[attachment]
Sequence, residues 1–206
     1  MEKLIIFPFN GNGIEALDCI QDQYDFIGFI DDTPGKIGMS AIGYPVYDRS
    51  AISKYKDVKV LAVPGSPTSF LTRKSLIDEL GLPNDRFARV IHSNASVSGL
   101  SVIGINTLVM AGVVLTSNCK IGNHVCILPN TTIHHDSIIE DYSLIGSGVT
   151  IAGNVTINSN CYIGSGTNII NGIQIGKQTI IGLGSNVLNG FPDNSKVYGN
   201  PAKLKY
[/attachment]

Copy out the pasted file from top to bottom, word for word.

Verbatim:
Sequence, residues 1–206
     1  MEKLIIFPFN GNGIEALDCI QDQYDFIGFI DDTPGKIGMS AIGYPVYDRS
    51  AISKYKDVKV LAVPGSPTSF LTRKSLIDEL GLPNDRFARV IHSNASVSGL
   101  SVIGINTLVM AGVVLTSNCK IGNHVCILPN TTIHHDSIIE DYSLIGSGVT
   151  IAGNVTINSN CYIGSGTNII NGIQIGKQTI IGLGSNVLNG FPDNSKVYGN
   201  PAKLKY